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Archive for May 22nd, 2012

the clouds are lifting

Wow, I feel like I haven’t been fully present for a while.

Since my wonderful trip to NM, I’ve had a respiratory infection and a 10-day migraine so that’s what I’ve been up to for the past month.

I found things to keep the blog going but didn’t feel like I was fully present to it, save a few precious times.

There’s a balance there, right?

Being there, being present, fulfilling obligations.

So a few things have happened. . .

I have started to add quotes and writing on new categories — Relationship Dharma and New to Meditation?

And I’m looking at adding some others — like work on Nonviolent Communication.

When you blog about grieving and dying, you are writing about being with and embrace the life that you have, cultivating kindness and compassion.

Well, at least, that’s how I’m doing it.

And there is so much more to look at.

From one of the polls I took, people said they were looking for more info on meditation.  There are a lot of blogs out there about this topic but I thought I would add some stuff here.  People looking for help with their grieving or living with illness might not know where to look for help with starting a meditation practice so they won’t have far to look now.

And a big part of our “work” in living with illness and living with grieving is dealing with our relationships.  So in grieving, we look at the relationships we had — the good and the bad, the blessed and the problem some.

But what about the relationships we have right now?

What about the relationships we want to foster?

We can’t neglect them or continue to flounder with relationships we aren’t present to.  Well, we can, but in the face of living and dying, do we really want to continue living as zombies, sleep walking through it all?

I will be drawing on resources such as Thich Nhat Hanh‘s book Fidelity or Ellen & Charles Birx’s book Waking Up Together.

But how can you stop there, right?

I will also be looking at material on living and being in community and true communication.

If I had to put it one way, I guess I would say that I am expanding beyond Right Mindfulness to look at the other parts of the Eight-Fold Path of Buddhism and how it applies to our dying, grieving, and living here and now.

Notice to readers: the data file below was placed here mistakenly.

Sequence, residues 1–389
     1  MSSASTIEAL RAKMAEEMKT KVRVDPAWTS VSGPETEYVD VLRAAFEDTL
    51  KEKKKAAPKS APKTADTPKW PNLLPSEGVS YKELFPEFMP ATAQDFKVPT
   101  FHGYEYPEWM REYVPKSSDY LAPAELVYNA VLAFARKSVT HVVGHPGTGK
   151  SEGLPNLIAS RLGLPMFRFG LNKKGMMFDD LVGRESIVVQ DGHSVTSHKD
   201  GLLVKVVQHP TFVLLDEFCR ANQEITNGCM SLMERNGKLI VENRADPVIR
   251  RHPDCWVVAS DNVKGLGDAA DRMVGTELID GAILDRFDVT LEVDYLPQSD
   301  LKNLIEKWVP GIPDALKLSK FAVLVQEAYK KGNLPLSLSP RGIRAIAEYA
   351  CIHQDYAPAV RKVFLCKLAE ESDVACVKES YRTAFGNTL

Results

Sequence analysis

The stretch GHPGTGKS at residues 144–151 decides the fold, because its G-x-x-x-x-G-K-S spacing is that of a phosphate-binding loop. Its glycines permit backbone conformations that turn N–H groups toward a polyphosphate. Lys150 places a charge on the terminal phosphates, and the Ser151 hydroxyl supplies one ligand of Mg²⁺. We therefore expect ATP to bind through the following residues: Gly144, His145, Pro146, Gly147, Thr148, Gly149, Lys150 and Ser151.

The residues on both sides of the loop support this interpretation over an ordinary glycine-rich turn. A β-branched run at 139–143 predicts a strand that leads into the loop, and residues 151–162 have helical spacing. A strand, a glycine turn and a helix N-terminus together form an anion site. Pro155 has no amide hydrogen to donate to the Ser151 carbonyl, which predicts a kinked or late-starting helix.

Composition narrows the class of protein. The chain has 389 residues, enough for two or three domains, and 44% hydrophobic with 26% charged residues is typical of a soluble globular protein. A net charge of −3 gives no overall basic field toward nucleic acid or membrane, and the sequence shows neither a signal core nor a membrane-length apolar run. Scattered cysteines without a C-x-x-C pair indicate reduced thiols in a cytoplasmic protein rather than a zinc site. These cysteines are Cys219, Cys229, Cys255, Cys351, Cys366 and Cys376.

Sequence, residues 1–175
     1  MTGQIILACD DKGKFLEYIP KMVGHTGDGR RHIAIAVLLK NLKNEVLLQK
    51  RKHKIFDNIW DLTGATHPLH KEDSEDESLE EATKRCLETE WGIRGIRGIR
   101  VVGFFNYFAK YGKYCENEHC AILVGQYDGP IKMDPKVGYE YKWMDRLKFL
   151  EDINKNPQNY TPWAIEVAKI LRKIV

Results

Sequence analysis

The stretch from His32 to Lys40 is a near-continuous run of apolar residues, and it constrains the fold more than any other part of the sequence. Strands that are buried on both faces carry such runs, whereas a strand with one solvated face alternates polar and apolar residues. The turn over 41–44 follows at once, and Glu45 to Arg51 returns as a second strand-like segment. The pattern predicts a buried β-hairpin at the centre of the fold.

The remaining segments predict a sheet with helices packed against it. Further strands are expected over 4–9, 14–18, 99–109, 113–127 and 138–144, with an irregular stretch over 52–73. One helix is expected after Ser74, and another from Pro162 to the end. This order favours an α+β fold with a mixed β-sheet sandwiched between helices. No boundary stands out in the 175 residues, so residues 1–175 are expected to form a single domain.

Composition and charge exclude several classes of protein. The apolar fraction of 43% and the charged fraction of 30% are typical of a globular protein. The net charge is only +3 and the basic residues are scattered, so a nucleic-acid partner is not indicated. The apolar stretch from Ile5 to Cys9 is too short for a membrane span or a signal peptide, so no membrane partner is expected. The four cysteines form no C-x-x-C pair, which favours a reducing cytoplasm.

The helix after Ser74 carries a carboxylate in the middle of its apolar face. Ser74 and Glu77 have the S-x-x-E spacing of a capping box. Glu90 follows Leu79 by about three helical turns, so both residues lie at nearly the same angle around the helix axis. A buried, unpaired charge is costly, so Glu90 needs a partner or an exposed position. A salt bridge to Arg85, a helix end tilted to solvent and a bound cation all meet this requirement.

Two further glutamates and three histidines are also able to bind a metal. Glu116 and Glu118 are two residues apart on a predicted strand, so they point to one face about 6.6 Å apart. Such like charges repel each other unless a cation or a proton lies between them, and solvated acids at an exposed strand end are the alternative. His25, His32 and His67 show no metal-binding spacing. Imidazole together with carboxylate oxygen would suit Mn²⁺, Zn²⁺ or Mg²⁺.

I hope you enjoy the expanded view that you will start to see here.  I think I may have dabbled in looking at a broader view but I’d like to formalize it a bit so that it is easier to go back through the archives and to help me see my own bigger vision.

It is so good to be back, to be thinking clearly and not in pain.  I feel rested and really restored in a way, as if a layer needed to be peeled away while I was sick.

And it’s a great time to be back and fully present to this blog — I’ve just gone over 200 followers in the past week and just in the past 24-hours, I’ve finally hit 15,000 hits.  Very exciting to see that there are that many people interested in the cross sections that are my life — my interest in spiritual practice as a means of cultivating the lives we want and the awareness that benefits us in the present moment.

I have such heart-felt gratitude to all the people who leave me comments and blessings, who let me know that these words make you think or matter or come just at the right time.

This blog was originally started as a way of having a life line as I finish the last year of my dissertation — to help me get in touch with my work in end-of-life care and my Buddhist practices as I have been without community for both of those aspects of my life in the past three years.

I am honored that you spend time with me and I thank you for letting me into your lives.

May sorrow show me the way to compassion

May I realize grace in the midst of suffering

May I be peaceful and let go of expectations

May I receive the love and compassion of others

~~  Metta, Jennifer

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thailand buddha wat phra keo

thailand buddha wat phra keo (Photo credit: FriskoDude)

“In letting go of the absurdity and even the arrogance of believing that we know what the next moment will bring, we relinquish our grip on reality and surrender into the mystery of not knowing, moment to moment, what will appear next in awareness.”

~~Gavin Harrison, In the Lap of the Buddha

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